Owner of Old Saybrook Business Pleads Guilty to Obstructing Federal Audit

Todd Roberts, owner of Roberts Physical and Aquatic Therapy, could face a sentence of five years in prison and a fine of $250,000.


A message from the United States Attorney for the District of Connecticut:

Todd Roberts, 47, of Old Saybrook, waived his right to indictment and pleaded guilty September 25 before U.S. District Judge Stefan R. Underhill in Bridgeport to one count of obstructing a federal audit.        

According to court documents and statements made in court, Roberts is the owner and operator of Roberts Physical and Aquatic Therapy, located at 210 Main Street in Old Saybrook. 

On January 23, 2009, a Medicare contractor informed Roberts Physical and Aquatic Therapy that the contractor was performing an audit of the practice. 

Roberts instructed an employee to delay the audit by telling the contractor that medical records were stored at a nonexistent storage facility.  Roberts then rented a storage unit at a local facility and used the delay to alter and augment patient records.  Specifically, Roberts, and an employee at his direction, created and added patient progress notes when no notes had been created at the time of service.  The notes made it appear as though Medicare beneficiaries had obtained direct, one-on-one service from a licensed physical therapist when, in fact, some of the services had been rendered by unlicensed auxiliary personnel.

Judge Underhill has scheduled sentencing for December 18, 2012, at which time Roberts faces a maximum term of imprisonment of five years and a fine of up to $250,000.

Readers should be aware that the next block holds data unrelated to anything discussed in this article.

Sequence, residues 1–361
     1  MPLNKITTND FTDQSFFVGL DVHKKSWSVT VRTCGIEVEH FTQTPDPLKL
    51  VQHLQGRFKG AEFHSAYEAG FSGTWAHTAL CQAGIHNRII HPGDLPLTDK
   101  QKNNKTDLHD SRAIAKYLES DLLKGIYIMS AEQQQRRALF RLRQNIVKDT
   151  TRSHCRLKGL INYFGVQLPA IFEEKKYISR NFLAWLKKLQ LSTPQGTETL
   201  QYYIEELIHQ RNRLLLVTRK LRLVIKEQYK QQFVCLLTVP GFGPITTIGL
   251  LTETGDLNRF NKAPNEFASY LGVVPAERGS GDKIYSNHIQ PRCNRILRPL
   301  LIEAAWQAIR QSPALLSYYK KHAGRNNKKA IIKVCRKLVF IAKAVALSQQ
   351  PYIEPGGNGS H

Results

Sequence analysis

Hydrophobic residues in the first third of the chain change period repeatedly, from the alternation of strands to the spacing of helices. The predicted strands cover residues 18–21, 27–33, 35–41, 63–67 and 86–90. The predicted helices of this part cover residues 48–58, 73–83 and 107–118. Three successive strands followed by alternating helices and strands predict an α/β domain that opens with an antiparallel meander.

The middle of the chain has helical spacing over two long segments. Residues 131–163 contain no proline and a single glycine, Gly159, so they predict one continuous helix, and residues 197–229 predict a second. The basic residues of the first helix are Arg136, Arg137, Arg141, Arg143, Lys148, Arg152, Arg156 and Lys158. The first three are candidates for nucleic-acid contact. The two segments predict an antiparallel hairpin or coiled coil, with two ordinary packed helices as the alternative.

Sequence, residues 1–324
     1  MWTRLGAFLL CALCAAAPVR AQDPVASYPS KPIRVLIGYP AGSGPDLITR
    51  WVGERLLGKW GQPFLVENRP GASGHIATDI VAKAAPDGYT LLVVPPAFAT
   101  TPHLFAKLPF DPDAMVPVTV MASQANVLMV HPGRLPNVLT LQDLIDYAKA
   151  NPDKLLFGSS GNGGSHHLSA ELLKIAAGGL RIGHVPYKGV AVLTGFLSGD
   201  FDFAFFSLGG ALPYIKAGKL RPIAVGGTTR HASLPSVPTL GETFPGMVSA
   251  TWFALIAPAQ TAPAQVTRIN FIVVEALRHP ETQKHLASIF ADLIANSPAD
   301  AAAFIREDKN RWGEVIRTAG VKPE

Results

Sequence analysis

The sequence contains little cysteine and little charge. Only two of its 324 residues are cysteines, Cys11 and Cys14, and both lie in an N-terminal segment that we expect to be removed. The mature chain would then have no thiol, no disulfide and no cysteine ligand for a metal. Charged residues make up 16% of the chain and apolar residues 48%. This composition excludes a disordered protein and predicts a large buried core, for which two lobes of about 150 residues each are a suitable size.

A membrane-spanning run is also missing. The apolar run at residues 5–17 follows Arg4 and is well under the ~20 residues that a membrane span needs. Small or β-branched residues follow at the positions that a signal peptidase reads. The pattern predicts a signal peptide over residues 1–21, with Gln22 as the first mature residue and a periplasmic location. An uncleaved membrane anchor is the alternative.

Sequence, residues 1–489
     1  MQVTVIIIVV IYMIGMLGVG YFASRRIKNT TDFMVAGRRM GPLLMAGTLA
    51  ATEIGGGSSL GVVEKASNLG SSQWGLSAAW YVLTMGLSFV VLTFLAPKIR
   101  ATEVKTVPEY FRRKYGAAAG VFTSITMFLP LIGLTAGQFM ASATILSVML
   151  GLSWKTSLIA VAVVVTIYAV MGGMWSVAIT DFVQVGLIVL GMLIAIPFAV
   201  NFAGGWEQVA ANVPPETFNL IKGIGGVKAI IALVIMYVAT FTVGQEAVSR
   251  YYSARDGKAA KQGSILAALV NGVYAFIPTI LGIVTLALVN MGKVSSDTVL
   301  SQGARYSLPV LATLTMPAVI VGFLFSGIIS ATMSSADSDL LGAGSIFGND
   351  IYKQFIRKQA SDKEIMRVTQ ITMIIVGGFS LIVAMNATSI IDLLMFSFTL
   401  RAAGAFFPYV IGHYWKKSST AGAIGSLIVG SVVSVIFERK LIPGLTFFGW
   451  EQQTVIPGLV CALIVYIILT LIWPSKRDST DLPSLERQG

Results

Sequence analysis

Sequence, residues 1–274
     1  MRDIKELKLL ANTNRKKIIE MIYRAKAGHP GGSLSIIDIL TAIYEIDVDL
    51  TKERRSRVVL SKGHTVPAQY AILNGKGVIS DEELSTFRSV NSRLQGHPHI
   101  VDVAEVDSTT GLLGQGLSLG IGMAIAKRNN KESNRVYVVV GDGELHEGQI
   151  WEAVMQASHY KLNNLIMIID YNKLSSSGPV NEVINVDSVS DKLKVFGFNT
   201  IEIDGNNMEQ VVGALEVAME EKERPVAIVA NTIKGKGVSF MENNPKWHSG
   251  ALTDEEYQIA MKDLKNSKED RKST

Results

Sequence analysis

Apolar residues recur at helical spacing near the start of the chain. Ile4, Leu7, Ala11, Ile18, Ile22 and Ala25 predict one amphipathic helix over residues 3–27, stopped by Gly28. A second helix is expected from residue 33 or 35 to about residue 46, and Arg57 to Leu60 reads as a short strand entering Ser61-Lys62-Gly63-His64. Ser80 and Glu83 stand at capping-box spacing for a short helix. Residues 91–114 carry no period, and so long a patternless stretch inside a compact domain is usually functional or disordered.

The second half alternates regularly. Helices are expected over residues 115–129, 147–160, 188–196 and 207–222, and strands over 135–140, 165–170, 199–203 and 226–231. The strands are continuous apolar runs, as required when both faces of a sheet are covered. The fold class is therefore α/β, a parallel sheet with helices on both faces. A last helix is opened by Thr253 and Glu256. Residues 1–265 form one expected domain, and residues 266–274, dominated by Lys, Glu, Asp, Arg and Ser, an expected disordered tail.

This investigation was conducted by special agents from the Office of the Inspector General of the U.S. Department of Health and Human Services, the Federal Bureau of Investigation, the Office of the Inspector General for the Department of Veterans Affairs.  The case is being prosecuted by Assistant United States Attorney David J. Sheldon and Auditor Susan Spiegel.        

U.S. Attorney Fein encouraged individuals who suspect health care fraud to report it by calling the Health Care Fraud Task Force at 203-777-6311 or 1-800-HHS-TIPS.

MickeyG September 28, 2012 at 04:46 PM
In this case,it would seem that a substantial fine and probation would make more sense than incarceration. The business is still operating so rather than jail him (at our expense) forcing the business to close and making the payment of any fines unlikely. Levy a fine payable within 30 days and conduct periodic random audits for the period of his probation.
Scott MacBain October 02, 2012 at 05:41 PM
I agree with Mickey. Justice would be poorly served by incarcerating this individual in particular and forcing incarceration for this crime in general. There are many methods for judicial punishment other than tearing a family asunder for what amounts to a minor financial indescretion.
Anupama Gupta October 04, 2012 at 12:20 PM
I feel that such businesses ought to be shutdown to set an example for malpractices. Secondly the business owner should never in their lifetime come anywhere close to healthcare.


More »
Got a question? Something on your mind? Talk to your community, directly.
Note Article
Just a short thought to get the word out quickly about anything in your neighborhood.
Share something with your neighbors.What's on your mind?What's on your mind?Make an announcement, speak your mind, or sell somethingPost something
See more »